Military women had combat ships named after them: the destroyer U.S.S. Lenah S. Higbee (Higbee was an NNC superintendent and WWI Navy Cross awardee); U.S.S. Grace Hopper (she retired from the navy as a rear admiral in 1986, at age eighty); U.S.C.G.C. SPAR. More than one hundred Liberty ships bore the names of American women. World War II women, especially nurses, were also memorialized by having hospital ships and, military, medical, and community facilities named after them.

            But as I wrote in the first edition of “Marching,” perhaps the best testimony to the women’s service came from the soldiers’ themselves. In October 1994, a few weeks before her death, Lt. Frances Slanger and others wrote an accolade to their fellow soldiers in the army’s Stars and Stripes. The nurses stated that, sure, they were roughing it, but compared to what the men were taking, they had no complaints. To them they doffed their helmets. Hundreds of soldiers wrote back with one replying: “We men were not given the chance of working on the battlefield or the home front. . . .We are here because we have to be. You are here because you were needed. So, when an injured man opens his eyes to see one of you. . .concerned with his welfare, he can’t but be overcome by the very thought that you are doing it because you want to. . .you endure whatever hardships you must to be where you can do us the most good.”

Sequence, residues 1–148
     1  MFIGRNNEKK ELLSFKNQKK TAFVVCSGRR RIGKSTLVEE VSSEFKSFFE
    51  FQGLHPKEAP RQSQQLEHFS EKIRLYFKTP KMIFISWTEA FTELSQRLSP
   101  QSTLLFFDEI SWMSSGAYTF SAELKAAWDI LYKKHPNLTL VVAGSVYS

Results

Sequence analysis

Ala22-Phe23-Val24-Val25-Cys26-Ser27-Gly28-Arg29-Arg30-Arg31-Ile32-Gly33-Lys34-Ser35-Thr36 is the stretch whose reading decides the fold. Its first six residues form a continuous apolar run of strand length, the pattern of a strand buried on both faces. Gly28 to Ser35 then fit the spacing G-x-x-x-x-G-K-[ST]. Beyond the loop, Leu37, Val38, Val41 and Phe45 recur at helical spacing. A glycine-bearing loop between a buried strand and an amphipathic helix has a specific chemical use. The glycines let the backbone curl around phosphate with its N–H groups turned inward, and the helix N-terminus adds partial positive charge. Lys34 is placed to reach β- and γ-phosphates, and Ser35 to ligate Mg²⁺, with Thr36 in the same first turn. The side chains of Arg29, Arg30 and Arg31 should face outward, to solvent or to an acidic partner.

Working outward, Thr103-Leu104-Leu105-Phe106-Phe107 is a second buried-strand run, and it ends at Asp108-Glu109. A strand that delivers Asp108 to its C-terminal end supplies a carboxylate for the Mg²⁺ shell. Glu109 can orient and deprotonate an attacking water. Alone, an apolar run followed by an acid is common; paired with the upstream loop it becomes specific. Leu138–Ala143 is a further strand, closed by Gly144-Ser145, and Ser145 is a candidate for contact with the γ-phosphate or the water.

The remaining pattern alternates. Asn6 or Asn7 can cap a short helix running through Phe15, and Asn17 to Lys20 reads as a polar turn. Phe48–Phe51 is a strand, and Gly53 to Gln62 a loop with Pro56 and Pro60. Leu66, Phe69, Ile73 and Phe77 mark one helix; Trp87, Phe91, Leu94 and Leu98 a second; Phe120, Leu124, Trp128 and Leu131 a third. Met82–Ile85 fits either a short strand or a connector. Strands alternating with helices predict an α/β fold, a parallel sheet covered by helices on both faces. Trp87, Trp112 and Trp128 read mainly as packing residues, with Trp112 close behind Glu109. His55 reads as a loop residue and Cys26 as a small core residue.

It should always be remembered that every American woman who has joined every war effort, working in what ever way, has volunteered to do so.